People v. Cooper, 69 Ill. App. 2d 18 (1966)

Feb. 17, 1966 · Illinois Appellate Court · Gen. No. 50,295
69 Ill. App. 2d 18

People of the State of Illinois, Plaintiff-Appellee, v. Oscar Cooper, Defendant-Appellant.

Gen. No. 50,295.

First District, Third Division.

February 17, 1966.

Gerald W. Getty, Public Defender of Cook County, of Chicago (Marshall A. Patner, James J. Doherty and Fred*19erick F. Cohn, Assistant Public Defenders, of counsel) for appellant.

Daniel P. Ward, State’s Attorney of Cook County, of Chicago (Elmer C. Kissane and Kenneth L. Gillis, Assistant State’s Attorneys, of counsel), for appellee.


delivered the opinion of the court.

Oscar Cooper and Ernest Lee Wiley were indicted for the crime of robbery. Wiley pleaded guilty and was placed on probation; Cooper pleaded not guilty, waived a jury trial, was found guilty and sentenced to from one to eight years in the penitentiary.

This appeal is by Cooper only. He seeks a reversal of his conviction on the sole basis that his identification was not proved beyond a reasonable doubt.

On June 2, 1964, at about 10:00 p. m. two men approached the taxicab of Charles E. Brown and asked to be taken to the 1600 block on South Kilbourn Avenue, Chicago. There were no residences on that block and Brown was told to try the 1500 block on the same street. There were no homes there and Brown was directed to turn the corner and to park back of a certain car so that one of his passengers could check his wallet for the correct address. As Brown did so one of the men grabbed him from behind and said, “This is it” and held what felt like a knife to his neck. The other passenger emptied Brown’s coin changer and went through his pockets. Four five-dollar bills, five one-dollar bills and $8.24 in change was taken. The men ordered Brown out of the cab, disconnected the cab’s radio-microphone wires and walked him down streets, through an alley and between houses. During this walk they threatened him with bodily harm.

*20A .'few minutes after Brown was released, and a half block away, he stopped a passing police car. He told the two police officers that he had been held up; he got into the car and they circled the block. While the area was being scrutinized Brown gave them a description of the two men. Upon directing the police car’s lights into an alley they saw two men who Brown said were the two who had robbed him. The men were searched, taken to the police station and searched again. $33.24 was found on the men, the bills (four fives and five singles) on Cooper and the change on Wiley, including a mutilated dime which Brown carried as a pocket piece. Also found on Cooper was a painter’s scalpel and he was wearing a red armband which Brown had seen on his sleeve at the time of the robbery.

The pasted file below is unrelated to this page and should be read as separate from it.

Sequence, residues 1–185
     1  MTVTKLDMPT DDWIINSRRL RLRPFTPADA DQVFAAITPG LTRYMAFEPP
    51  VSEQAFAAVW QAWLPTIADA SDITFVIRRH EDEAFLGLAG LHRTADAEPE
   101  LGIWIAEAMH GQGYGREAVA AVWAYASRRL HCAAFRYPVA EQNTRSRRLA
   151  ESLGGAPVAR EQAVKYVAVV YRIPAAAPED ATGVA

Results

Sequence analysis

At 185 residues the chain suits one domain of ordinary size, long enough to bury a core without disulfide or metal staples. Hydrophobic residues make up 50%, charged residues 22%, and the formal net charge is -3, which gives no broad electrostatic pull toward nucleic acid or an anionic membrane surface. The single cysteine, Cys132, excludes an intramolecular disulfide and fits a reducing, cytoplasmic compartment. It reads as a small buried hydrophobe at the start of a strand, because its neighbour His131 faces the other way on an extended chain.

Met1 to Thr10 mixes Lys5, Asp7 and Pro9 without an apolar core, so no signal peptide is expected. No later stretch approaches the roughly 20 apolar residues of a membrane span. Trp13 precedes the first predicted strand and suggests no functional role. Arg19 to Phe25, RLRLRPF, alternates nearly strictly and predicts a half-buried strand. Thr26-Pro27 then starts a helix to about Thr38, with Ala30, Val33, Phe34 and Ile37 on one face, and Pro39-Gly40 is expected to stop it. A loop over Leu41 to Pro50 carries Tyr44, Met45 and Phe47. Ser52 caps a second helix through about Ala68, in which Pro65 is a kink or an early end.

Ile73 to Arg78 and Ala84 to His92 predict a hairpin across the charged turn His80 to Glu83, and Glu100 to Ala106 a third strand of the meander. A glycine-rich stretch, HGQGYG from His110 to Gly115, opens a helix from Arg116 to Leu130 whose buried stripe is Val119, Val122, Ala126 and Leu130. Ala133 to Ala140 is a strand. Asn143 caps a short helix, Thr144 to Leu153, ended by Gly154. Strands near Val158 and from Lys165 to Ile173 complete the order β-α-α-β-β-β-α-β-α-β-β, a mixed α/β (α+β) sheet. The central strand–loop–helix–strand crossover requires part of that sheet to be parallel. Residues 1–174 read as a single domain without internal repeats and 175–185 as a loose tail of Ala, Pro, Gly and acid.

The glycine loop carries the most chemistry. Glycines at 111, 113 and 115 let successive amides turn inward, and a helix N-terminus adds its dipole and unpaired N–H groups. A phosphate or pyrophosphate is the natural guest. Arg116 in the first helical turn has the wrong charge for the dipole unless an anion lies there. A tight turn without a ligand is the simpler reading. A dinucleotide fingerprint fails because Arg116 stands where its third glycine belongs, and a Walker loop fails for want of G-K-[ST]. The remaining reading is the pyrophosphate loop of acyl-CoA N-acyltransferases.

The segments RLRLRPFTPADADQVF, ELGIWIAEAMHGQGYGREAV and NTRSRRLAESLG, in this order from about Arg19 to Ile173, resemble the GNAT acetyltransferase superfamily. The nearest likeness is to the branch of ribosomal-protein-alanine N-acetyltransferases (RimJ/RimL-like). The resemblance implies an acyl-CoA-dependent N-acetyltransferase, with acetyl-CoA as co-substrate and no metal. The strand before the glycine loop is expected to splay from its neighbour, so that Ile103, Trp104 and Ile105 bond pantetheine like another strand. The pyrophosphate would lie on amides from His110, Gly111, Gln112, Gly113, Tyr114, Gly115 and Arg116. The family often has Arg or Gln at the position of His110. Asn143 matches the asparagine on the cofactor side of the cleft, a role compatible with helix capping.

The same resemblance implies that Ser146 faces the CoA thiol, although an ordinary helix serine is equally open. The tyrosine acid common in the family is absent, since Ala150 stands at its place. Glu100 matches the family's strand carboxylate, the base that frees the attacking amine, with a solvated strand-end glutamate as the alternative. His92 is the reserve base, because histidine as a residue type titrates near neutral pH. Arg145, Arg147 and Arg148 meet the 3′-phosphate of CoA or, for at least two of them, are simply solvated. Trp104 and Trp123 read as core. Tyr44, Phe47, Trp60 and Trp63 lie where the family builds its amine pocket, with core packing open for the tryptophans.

Cooper testified that he was in the neighborhood where he was arrested for the purpose of negotiating a house-painting job with a lady who lived thereabouts. He said she worked nights so that he had to see her at a late hour. He testified the cab which had driven him to the area had broken down and that he was assisting the driver in repairing it when he was attracted to a police car across the street by activity around it. When he came up to the car he was placed under arrest. He denied the robbery, denied any association with Wiley and denied being arrested at the same time as Wiley. He contends that the circumstances under which his identification was made and discrepancies and contradictions in Brown’s testimony and that of the arresting officers make them unworthy of belief and raise a reasonable doubt as to his guilt.

A positive identification by one witness is sufficient for conviction even though the testimony is contradicted by the defendant, provided the witness is credible and viewed the defendant under circumstances that would permit positive identification. People v. Brinkley, *2133 Ill2d 403, 211 NE2d 730 (1965); People v. Miller, 30 Ill2d 110, 195 NE2d 694 (1964); People v. Nicholson, 55 Ill App2d 361, 204 NE2d 482 (1965). In a nonjury trial it is the province of the trial court to determine the credibility of the witnesses and the weight to be accorded their testimony and the court’s judgment will not be disturbed unless it is based on clearly unsatisfactory and improbable evidence which leaves reasonable doubt of the defendant’s guilt. People v. Neiman, 30 Ill2d 393, 197 NE 2d 8 (1964); People v. Johnson, 47 Ill App2d 441, 198 NE 2d 173 (1964). Minor discrepancies and inconsistencies only go to the weight to be given the testimony. People v. Morgan, 28 Ill2d 55, 190 NE2d 755 (1963); People v. Clay, 27 Ill2d 27, 187 NE2d 719 (1963); People v. Stewart, 62 Ill App2d 428, 211 NE2d 154 (1965).

Any discrepancies in the testimony of the cab driver or contradictions between his testimony and that of the arresting officers or between the officers themselves were inconsequential. Brown had ample opportunity and time to observe the defendant. The cab stand where he picked up his passengers was well lighted. When he brought his car to a stop just before the robbery he pulled the meter and turned on the cab’s interior light. As he walked with the robbers they went under streetlights and he testified that he “was noticing them to make sure just in case I do have a chance to get away, if they don’t harm me in any way, I can notify, you know, identify them later.” He described the robbers to the police officers, identified them when he saw them in the lights of the police car and his description fitted the men arrested. Furthermore, his identification was corroborated by the weapon and the armband found on Cooper, the mutilated dime found on Wiley, the denominations of the bills found on Cooper and the amount of the money corresponding to the amount of money stolen, found on both Cooper and Wiley.

*22The evidence was sufficient to sustain the judgment and it is, therefore, affirmed.


SULLIVAN, P. J. and SCHWARTZ, J., concur.